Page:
Orthodox Rabbi on the Dangers of State Religion

Rabbi Shlomo Riskin of Efrat, the charismatic ex-New Yorker and outspokenly moderate settler leader, offers some startlingly bold criticisms of Israeli Orthodoxy in a Jerusalem Post column titled “Has the Chief Rabbinate outlived its usefulness?” His bottom line is that it hasn’t—at least, he hopes it hasn’t—but he hints that it’s teetering on the edge with its relentlessly intrusive disregard for the rights and sensibilities of non-religious Israelis.

The proximate cause for Riskin’s complaint is the recent showdown between Religious Affairs Minister Yaakov Margi of Shas, speaking for the Chief Rabbinate, and an organization called Tsohar, made up of Modern Orthodox rabbis whose open-source, culturally sensitive weddings are popular with non-religious couples turned off by the official rabbinical bureaucracy. Margi effectively shut down Tsohar’s operations on a technicality in late October, causing a national uproar. The two sides reportedly reached a tentative agreement last Wednesday (here and here), but feelings have been left raw.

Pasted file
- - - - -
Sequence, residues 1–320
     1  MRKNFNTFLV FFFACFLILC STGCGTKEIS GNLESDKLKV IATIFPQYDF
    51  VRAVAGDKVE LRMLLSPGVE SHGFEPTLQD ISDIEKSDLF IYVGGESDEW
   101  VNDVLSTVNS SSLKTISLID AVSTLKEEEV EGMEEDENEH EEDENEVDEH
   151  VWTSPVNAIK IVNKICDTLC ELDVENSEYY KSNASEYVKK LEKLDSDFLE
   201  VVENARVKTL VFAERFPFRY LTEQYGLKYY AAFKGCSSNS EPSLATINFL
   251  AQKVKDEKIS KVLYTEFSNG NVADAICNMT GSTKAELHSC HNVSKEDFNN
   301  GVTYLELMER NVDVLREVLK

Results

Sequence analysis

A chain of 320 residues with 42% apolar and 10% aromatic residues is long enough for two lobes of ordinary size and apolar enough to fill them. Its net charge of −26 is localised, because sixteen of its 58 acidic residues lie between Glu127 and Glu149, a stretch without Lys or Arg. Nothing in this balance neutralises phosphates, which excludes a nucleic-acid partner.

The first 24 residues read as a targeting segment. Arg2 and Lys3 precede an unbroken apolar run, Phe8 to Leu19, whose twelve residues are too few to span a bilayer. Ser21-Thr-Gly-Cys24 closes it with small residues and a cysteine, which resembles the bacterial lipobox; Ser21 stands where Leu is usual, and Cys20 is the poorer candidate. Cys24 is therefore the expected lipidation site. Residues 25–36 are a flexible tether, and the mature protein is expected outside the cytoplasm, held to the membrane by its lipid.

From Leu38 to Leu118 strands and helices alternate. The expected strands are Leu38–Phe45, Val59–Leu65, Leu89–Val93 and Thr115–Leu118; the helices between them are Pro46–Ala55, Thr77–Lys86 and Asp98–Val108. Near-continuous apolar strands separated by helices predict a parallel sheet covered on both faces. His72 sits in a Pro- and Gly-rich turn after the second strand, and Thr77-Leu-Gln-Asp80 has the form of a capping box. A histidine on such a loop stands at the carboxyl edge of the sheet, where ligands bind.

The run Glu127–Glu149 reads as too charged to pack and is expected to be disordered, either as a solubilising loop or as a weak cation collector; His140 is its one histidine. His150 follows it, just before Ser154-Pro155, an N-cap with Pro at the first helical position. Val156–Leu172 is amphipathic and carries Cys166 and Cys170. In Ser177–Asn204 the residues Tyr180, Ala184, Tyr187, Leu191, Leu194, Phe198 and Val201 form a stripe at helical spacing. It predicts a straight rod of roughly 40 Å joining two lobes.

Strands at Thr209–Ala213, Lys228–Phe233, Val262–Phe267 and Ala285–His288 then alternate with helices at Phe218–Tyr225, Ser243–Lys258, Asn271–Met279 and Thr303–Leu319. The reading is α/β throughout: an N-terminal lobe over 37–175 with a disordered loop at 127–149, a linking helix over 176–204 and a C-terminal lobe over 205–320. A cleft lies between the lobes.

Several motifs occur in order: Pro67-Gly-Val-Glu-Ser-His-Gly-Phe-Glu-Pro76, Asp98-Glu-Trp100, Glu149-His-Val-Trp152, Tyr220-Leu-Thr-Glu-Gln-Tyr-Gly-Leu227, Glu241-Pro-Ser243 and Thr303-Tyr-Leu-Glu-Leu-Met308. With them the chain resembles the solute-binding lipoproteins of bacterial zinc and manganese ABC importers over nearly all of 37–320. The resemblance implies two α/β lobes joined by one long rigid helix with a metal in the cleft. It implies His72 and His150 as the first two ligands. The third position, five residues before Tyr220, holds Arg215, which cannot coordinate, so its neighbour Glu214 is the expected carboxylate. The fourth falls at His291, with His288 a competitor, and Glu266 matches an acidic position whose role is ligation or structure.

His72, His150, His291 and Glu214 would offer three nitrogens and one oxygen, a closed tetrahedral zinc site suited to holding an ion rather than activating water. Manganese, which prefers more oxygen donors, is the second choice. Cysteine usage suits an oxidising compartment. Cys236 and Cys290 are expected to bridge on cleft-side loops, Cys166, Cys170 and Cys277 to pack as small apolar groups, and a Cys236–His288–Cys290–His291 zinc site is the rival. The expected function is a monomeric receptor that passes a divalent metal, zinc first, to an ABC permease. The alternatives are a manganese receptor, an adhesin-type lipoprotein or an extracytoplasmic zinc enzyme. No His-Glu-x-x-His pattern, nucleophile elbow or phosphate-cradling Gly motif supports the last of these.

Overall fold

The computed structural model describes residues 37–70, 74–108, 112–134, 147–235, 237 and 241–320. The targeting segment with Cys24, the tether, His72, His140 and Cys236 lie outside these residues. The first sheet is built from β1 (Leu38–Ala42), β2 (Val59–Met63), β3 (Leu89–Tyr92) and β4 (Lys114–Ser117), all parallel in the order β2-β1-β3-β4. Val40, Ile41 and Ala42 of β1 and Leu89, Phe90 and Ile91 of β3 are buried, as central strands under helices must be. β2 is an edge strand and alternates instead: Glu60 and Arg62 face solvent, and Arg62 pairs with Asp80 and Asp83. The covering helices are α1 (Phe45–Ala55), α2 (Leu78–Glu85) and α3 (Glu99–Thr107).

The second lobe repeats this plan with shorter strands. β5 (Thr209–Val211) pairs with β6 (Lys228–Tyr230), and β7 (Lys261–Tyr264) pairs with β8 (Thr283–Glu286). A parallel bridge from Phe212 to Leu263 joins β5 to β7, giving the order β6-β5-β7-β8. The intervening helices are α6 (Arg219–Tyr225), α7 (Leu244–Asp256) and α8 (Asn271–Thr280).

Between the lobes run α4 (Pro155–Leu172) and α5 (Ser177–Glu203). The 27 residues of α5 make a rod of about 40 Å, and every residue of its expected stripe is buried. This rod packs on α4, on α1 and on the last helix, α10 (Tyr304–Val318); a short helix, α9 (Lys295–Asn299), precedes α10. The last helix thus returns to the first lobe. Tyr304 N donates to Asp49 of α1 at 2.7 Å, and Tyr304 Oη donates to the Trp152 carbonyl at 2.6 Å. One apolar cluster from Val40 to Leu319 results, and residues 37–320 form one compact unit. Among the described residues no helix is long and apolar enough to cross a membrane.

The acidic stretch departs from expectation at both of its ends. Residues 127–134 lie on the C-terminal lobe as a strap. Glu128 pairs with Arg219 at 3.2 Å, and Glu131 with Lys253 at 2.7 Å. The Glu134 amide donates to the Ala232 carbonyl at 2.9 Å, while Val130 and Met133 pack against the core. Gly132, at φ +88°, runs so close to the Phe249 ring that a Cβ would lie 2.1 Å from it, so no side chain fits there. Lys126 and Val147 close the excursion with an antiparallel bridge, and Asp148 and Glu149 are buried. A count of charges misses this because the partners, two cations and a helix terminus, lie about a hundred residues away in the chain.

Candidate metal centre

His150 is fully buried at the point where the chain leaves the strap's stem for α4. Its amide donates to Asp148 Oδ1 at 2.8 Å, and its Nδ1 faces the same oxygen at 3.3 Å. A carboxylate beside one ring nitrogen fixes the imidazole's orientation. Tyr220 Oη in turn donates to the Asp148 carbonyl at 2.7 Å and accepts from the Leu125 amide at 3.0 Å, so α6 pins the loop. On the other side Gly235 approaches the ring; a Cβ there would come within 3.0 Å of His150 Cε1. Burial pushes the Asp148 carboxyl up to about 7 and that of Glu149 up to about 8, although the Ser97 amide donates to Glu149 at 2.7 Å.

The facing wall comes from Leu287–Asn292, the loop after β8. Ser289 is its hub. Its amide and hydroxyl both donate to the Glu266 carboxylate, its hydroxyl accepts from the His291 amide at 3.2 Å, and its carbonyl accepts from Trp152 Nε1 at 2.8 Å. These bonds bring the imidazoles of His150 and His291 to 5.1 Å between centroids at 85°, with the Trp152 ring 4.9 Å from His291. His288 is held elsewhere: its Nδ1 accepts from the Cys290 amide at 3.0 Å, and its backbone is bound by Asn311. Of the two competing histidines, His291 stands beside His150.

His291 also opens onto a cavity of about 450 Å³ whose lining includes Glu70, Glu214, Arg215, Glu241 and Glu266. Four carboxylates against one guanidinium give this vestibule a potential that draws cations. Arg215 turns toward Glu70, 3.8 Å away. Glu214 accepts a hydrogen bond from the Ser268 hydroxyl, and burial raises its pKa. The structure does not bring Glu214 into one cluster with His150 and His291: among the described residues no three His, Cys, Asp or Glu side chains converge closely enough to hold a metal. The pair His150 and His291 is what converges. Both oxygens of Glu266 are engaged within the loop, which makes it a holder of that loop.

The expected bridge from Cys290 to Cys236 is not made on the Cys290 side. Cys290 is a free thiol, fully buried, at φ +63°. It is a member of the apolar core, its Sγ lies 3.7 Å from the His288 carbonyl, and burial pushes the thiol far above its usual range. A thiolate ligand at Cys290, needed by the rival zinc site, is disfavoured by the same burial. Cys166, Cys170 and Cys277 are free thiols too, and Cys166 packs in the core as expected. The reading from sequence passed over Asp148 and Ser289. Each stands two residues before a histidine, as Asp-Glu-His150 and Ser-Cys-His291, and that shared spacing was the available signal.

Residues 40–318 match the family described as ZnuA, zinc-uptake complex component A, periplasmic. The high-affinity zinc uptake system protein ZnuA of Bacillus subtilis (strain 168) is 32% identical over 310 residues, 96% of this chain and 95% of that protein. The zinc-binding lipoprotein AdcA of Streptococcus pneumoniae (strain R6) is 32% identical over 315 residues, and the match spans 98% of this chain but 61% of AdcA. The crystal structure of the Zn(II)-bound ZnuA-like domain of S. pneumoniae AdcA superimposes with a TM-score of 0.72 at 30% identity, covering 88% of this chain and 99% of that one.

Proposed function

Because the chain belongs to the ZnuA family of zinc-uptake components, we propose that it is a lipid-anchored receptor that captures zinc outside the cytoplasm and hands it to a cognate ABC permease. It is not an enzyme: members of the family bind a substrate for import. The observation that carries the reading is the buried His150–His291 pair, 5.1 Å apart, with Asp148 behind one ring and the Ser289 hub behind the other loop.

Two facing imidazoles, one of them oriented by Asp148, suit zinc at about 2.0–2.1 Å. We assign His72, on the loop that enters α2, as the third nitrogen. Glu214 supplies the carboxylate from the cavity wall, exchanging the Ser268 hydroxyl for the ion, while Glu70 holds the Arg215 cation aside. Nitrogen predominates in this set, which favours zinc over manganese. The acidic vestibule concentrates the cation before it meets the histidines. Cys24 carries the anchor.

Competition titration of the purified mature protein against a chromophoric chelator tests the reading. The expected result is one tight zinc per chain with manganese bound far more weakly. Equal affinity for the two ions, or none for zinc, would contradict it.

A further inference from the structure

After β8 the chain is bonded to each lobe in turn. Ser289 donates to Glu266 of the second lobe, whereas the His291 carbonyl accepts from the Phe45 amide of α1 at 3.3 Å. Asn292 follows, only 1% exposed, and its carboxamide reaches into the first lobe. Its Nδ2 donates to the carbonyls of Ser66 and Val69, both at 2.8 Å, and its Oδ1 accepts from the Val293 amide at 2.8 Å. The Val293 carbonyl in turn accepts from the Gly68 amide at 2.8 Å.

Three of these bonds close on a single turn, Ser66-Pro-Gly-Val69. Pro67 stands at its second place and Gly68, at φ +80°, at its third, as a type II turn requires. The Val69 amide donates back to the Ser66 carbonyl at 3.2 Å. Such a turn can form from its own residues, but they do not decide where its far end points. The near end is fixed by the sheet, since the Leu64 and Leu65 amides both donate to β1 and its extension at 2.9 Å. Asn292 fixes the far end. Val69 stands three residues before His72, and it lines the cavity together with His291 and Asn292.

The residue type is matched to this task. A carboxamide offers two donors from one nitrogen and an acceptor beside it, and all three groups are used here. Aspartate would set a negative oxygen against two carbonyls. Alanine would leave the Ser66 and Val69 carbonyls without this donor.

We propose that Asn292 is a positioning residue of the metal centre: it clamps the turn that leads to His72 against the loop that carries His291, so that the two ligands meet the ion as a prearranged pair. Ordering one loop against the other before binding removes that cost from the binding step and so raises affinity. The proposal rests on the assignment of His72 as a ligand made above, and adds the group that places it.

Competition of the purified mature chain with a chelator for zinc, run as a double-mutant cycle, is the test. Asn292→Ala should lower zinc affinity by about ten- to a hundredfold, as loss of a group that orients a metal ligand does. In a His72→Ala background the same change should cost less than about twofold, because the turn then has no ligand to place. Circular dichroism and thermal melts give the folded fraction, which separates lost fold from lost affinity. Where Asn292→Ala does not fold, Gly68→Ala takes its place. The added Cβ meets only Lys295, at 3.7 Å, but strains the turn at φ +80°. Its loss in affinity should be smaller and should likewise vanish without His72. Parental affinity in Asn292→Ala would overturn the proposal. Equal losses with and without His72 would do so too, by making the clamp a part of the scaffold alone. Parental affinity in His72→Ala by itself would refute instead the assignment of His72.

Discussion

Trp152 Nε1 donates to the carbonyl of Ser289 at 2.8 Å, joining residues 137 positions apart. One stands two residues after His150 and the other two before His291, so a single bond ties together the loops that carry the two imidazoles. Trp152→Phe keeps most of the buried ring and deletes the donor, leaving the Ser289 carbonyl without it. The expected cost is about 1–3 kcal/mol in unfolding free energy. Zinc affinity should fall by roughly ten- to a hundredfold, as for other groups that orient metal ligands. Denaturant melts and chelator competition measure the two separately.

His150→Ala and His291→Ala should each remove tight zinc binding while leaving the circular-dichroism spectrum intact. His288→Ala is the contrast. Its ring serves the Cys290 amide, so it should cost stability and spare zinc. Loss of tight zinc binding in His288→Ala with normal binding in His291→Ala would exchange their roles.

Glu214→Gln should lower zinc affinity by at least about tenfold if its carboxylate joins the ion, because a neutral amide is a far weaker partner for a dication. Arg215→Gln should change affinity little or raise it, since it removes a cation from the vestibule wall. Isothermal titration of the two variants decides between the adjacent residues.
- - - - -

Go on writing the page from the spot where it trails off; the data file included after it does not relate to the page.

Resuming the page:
Riskin’s complaint is deeper than just how the Chief Rabbinate conducts weddings, though. He argues that it represents a narrow reading of religion that concentrates on the minutiae of ritual observance and loses sight of shared humanity. More shocking, coming from an Orthodox rabbi (and a longtime municipal chief rabbi in his hometown of Efrat), he comes close to arguing for a separation of religion and state—though he doesn’t quite say so—by arguing that Judaism rests on twin pillars of nation and religion, which have separate and equal value. “Our status as a nation” is based on God’s covenant with Abraham in Book of Genesis, while “Our status as a religion” begins (later, take note) “at the covenant of Sinai,” in the Book of Exodus.

The Jewish concept of nationhood, therefore,

Jewish religion, by contrast, is expressed in

Written by

J.J. Goldberg

J.J. Goldberg

Jonathan Jeremy “J.J.” Goldberg is editor-at-large of the Forward, where he served as editor in chief for seven years (2000-2007).

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Orthodox Rabbi on the Dangers of State Religion

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